Request for Comments on Vaccine Production and Additional Planning for Future Possible Pandemic Influenza, 55776-55777 [2010-22881]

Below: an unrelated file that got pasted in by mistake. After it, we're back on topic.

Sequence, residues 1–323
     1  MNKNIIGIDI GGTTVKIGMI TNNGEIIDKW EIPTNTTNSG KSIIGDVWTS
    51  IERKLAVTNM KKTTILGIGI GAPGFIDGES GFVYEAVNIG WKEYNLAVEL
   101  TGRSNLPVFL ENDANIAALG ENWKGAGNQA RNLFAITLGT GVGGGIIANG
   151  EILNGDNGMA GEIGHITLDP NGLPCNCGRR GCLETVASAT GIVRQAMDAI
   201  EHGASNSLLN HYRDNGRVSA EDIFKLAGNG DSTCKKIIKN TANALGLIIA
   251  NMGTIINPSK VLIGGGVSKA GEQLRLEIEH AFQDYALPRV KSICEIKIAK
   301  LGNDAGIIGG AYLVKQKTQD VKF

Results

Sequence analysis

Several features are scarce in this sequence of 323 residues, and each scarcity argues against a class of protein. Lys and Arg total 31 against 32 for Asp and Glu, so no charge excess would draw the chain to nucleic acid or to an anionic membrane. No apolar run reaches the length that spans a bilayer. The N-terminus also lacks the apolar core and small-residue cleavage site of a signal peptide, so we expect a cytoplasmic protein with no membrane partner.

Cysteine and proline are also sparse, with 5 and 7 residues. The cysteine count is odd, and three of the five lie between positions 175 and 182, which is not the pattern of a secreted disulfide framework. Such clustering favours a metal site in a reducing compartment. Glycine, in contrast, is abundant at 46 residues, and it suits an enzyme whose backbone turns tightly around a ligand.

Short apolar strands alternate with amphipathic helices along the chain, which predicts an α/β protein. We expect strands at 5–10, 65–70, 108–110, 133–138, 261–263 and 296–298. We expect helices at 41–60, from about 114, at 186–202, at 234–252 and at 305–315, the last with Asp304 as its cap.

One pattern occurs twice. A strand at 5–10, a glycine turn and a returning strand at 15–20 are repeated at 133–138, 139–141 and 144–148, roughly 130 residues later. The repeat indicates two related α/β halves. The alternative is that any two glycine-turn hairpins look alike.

Download as PDF 55776 Federal Register / Vol. 75, No. 177 / Tuesday, September 14, 2010 / Notices jlentini on DSKJ8SOYB1PROD with NOTICES importer and dividing this amount by the total quantity of those sales. To determine whether the duty assessment rates were de minimis, in accordance with the requirement set forth in 19 CFR 351.106(c)(2), we calculated importerspecific ad valorem rates based on the estimated entered value. Where the assessment rate is above de minimis, we will instruct CBP to assess duties on all entries of subject merchandise by that importer. Pursuant to 19 CFR 351.106(c)(2), we will instruct CBP to liquidate without regard to antidumping duties any entries for which the assessment rate is de minimis (i.e., less than 0.50 percent). The Department intends to issue assessment instructions directly to CBP 15 days after publication of the final results of this review. The Department clarified its ‘‘automatic assessment’’ regulation on May 6, 2003. See Antidumping and Countervailing Duty Proceedings: Assessment of Antidumping Duties, 68 FR 23954 (May 6, 2003). This clarification will apply to entries of subject merchandise during the POR produced by the respondents subject to this review for which the reviewed companies did not know that the merchandise which it sold to an intermediary (e.g. a reseller, trading company, or exporter) was destined for the United States. In such instances, we will instruct CBP to liquidate unreviewed entries at the all-others rate if there is no rate for the intermediary involved in the transaction. For a full discussion of this clarification, see id. Cash Deposit Requirements The following deposit rates will be effective upon publication of the final results of this administrative review for all shipments of CORE from Korea entered, or withdrawn from warehouse, for consumption on or after the publication date, as provided by section 751(a)(2)(C) of the Act: (1) The cash deposit rates for the companies listed above will be the rates established in the final results of this review, except if the rate is less than 0.5 percent and, therefore, de minimis, the cash deposit will be zero; (2) for previously reviewed or investigated companies not listed above, the cash deposit rate will continue to be the company-specific rate published for the most recent final results in which that manufacturer or exporter participated; (3) if the exporter is not a firm covered in this review, a prior review, or the original less-thanfair-value (LTFV) investigation, but the manufacturer is, the cash deposit rate will be the rate established for the most recent final results for the manufacturer of the merchandise; and (4) if neither VerDate Mar<15>2010 16:38 Sep 13, 2010 Jkt 220001 the exporter nor the manufacturer is a firm covered in this or any previous review conducted by the Department, the cash deposit rate will be 17.70 percent, the all-others rate established in the LTFV. See Orders on Certain Steel from Korea. These cash deposit requirements, when imposed, shall remain in effect until further notice. Notification to Importers This notice serves as a preliminary reminder to importers of their responsibility under 19 CFR 351.402(f)(2) to file a certificate regarding the reimbursement of antidumping duties prior to liquidation of the relevant entries during this review period. Failure to comply with this requirement could result in the Secretary’s presumption that reimbursement of antidumping duties occurred and the subsequent assessment of double antidumping duties. These preliminary results of review are issued and published in accordance with sections 751(a)(1) and 777(i)(1) of the Act. Dated: September 7, 2010. Ronald K. Lorentzen, Deputy Assistant Secretary for Import Administration. [FR Doc. 2010–22887 Filed 9–13–10; 8:45 am] BILLING CODE 3510–DS–P DEPARTMENT OF COMMERCE International Trade Administration Request for Comments on Vaccine Production and Additional Planning for Future Possible Pandemic Influenza International Trade Administration, Department of Commerce. ACTION: Notice and request for comments. AGENCY: The International Trade Administration invites submission of comments from the public and relevant industries on vaccine production and additional planning for future possible pandemic influenza. DATES: Written comments must be submitted on or before October 1, 2010. Comments should be no more than 15 pages. Business-confidential information should be clearly identified as such. ADDRESSES: You may submit comments by any of the following methods: E-mail: Vaccine.Comments@trade.gov. Fax: (202) 482–1975 (Attn.: Jane Earley). SUMMARY: PO 00000 Frm 00041 Fmt 4703 Sfmt 4703 Mail or Hand Delivery/Courier: Jane Earley, U.S. Department of Commerce, Office of Health and Consumer Goods, Room 1015, 1401 Constitution Avenue, NW., Washington, DC 20230. FOR FURTHER INFORMATION CONTACT: For questions on the submission of comments, please contact Jane Earley by phone at (202) 482–2561 or Andrea Cornwell at (202) 482–0998. SUPPLEMENTARY INFORMATION: Written comments are sought in light of the announced end of the H1N1 influenza pandemic (see World Health Organization announcement of August 10, 2010) and the need to plan for future pandemics. The facts and information obtained from written submissions will be used to inform the participation of the United States Department of Commerce in the interagency process to prepare for United States participation in international meetings and negotiations on pandemic planning, such as the meeting of the World Health Organization (WHO) Pandemic Influenza Preparedness Open Ended Working Group (PIP–OEWG) December 13–17, 2010. The Department of Commerce invites comments from the pharmaceutical and medical technology industries and interested members of the public on a number of issues regarding vaccine production for pandemic influenza. The Department of Commerce invites written submissions on the following topics: 1. Manufacturers’ experiences during the 2009 H1N1 pandemic. What issues could have been better handled by industry, governments and the WHO? What is realistic and unrealistic to expect from governments, vaccine manufacturers, the WHO and others during a mild pandemic such as the 2009 H1N1 pandemic? How might expectations be different for a more severe pandemic? 2. The emergency response process. Based on the H1N1 pandemic experience, what changes in operational procedures or practices should be made to prepare for the next influenza pandemic? What additional consultation and decisional processes (within industry and among governments and the WHO) for pandemic preparedness are needed? What are the most critical deficiencies that need to be overcome in the present system to mount a more effective and robust response to pandemic influenza? 3. Improving availability for developing countries. How can we support and stimulate demand for seasonal flu vaccine in middle and lower income countries? Are there other E:\FR\FM\14SEN1.SGM 14SEN1 Federal Register / Vol. 75, No. 177 / Tuesday, September 14, 2010 / Notices mechanisms to increase pandemic influenza vaccine manufacturing capacity or otherwise improve global availability of pandemic influenza vaccine? Have manufacturers discussed recent proposals by WHO member countries to implement ‘‘mandatory’’ mechanisms regarding participation in the Global Influenza Surveillance Network? What options to current proposals have been considered? 4. Other matters that are related to the substance contained in 1–3, above. Please submit by October 1, 2010, a written submission of 15 pages or less with facts and information on the issues described above. Comments should be submitted electronically to Vaccine.Comments@trade.gov. Business-confidential information should be clearly identified. Upon receipt of the written submission, representatives from the Department of Commerce and other federal agencies and departments will consider the information. In doing so, entities submitting the information may be contacted for further information or explanation and, in some cases, meetings with individual submitters may be requested. Dated: September 8, 2010. Skip Jones, Deputy Assistant Secretary, Trade Agreements and Compliance, Market Access and Compliance, International Trade Administration, U.S. Department of Commerce. [FR Doc. 2010–22881 Filed 9–13–10; 8:45 am] BILLING CODE 3510–DA–P CONSUMER PRODUCT SAFETY COMMISSION [CPSC Docket No. 10–C0005] Pro-Pac Distributing Corp., Provisional Acceptance of a Settlement Agreement and Order Consumer Product Safety Commission. ACTION: Notice. AGENCY: It is the policy of the Commission to publish settlements which it provisionally accepts under the Consumer Product Safety Act in the Federal Register in accordance with the terms of 16 CFR 1118.20(e). Published below is a provisionally-accepted Settlement Agreement with Pro-Pac Distributing Corp., containing a civil penalty of $125,000.00. DATES: Any interested person may ask the Commission not to accept this agreement or otherwise comment on its contents by filing a written request with jlentini on DSKJ8SOYB1PROD with NOTICES SUMMARY: VerDate Mar<15>2010 16:38 Sep 13, 2010 Jkt 220001 the Office of the Secretary by September 29, 2010. ADDRESSES: Persons wishing to comment on this Settlement Agreement should send written comments to the Comment 10–C0005, Office of the Secretary, Consumer Product Safety Commission, 4330 East West Highway, Room 820, Bethesda, Maryland 20814– 4408. FOR FURTHER INFORMATION CONTACT: Jason E. Yearout, Trial Attorney, Division of Enforcement and Information, Office of the General Counsel, Consumer Product Safety Commission, 4330 East West Highway, Bethesda, Maryland 20814–4408; telephone (301) 504–7733. SUPPLEMENTARY INFORMATION: The text of the Agreement and Order appears below. Dated: September 8, 2010. Todd A. Stevenson, Secretary. UNITED STATES OF AMERICA CONSUMER PRODUCT SAFETY COMMISSION [CPSC Docket No. 10–C0005] In the Matter of: Pro-Pac Distributing Corp. Settlement Agreement 1. In accordance with 16 CFR 1118.20, Pro-Pac Distributing Corporation (‘‘ProPac’’) and the staff (‘‘Staff’’) of the United States Consumer Product Safety Commission (‘‘Commission’’) enter into this Settlement Agreement (‘‘Agreement’’). The Agreement and the incorporated attached Order (‘‘Order’’) settle the Staff’s allegations set forth below. Parties 2. The Staff is the staff of the Commission, an independent federal regulatory agency established pursuant to, and responsible for the enforcement of, the Consumer Product Safety Act, 15 U.S.C. 2051–2089 (‘‘CPSA’’). 3. Pro-Pac is a corporation organized and existing under the laws of California, with its principal offices located in Gardena, California. At all times relevant hereto, Pro-Pac sold apparel. Staff Allegations 4. In November of 2008, Pro-Pac imported and further distributed in commerce, through sale and/or holding for sale, children’s hooded pullover and zipper sweatshirts with drawstrings at the neck, in sizes Youth S–L (collectively, ‘‘Sweatshirts’’). 5. Pro-Pac sold Sweatshirts to retailers. PO 00000 Frm 00042 Fmt 4703 Sfmt 4703 55777 6. The Sweatshirts are ‘‘consumer product[s],’’ and, at all times relevant hereto, Pro-Pac was a ‘‘manufacturer’’ of those consumer products, which were ‘‘distributed in commerce,’’ as those terms are defined in CPSA sections 3(a)(5), (8), and (11), 15 U.S.C. 2052(a)(5), (8), and (11). 7. In February 1996, the Staff issued the Guidelines for Drawstrings on Children’s Upper Outerwear (‘‘Guidelines’’) to help prevent children from strangling or entangling on neck and waist drawstrings. The Guidelines state that drawstrings can cause, and have caused, injuries and deaths when they catch on items such as playground equipment, bus doors, or cribs. In the Guidelines, the Staff recommends that there be no hood and neck drawstrings in children’s upper outerwear sized 2T to 12. 8. In June 1997, ASTM adopted a voluntary standard (ASTM F1816–97) that incorporated the Guidelines. The Guidelines state that firms should be aware of the hazards and should be sure garments they sell conform to the voluntary standard. 9. On May 19, 2006, the Commission posted on its Web site a letter from the Commission’s Director of the Office of Compliance to manufacturers, importers, and retailers of children’s upper outerwear. The letter urges them to make certain that all children’s upper outerwear sold in the United States complies with ASTM F1816–97. The letter states that the Staff considers children’s upper outerwear with drawstrings at the hood or neck area to be defective and to present a substantial risk of injury to young children under Federal Hazardous Substances Act (‘‘FHSA’’) section 15(c), 15 U.S.C. 1274(c). The letter also notes the CPSA’s section 15(b) reporting requirements. 10. Pro-Pac’s distribution in commerce of the Sweatshirts did not meet the Guidelines or ASTM F1816– 97, failed to comport with the Staff’s May 2006 defect notice, and posed a strangulation hazard to children. 11. On July 15, 2009, the Commission announced Pro-Pac’s recall of the Sweatshirts. 12. Pro-Pac had presumed and actual knowledge that the Sweatshirts distributed in commerce posed a strangulation hazard and presented a substantial risk of injury to children under FHSA section 15(c)(1), 15 U.S.C. 1274(c)(1). Pro-Pac had obtained information that reasonably supported the conclusion that the Sweatshirts contained a defect that could create a substantial product hazard or that they created an unreasonable risk of serious injury or death. CPSA sections 15(b)(3) E:\FR\FM\14SEN1.SGM 14SEN1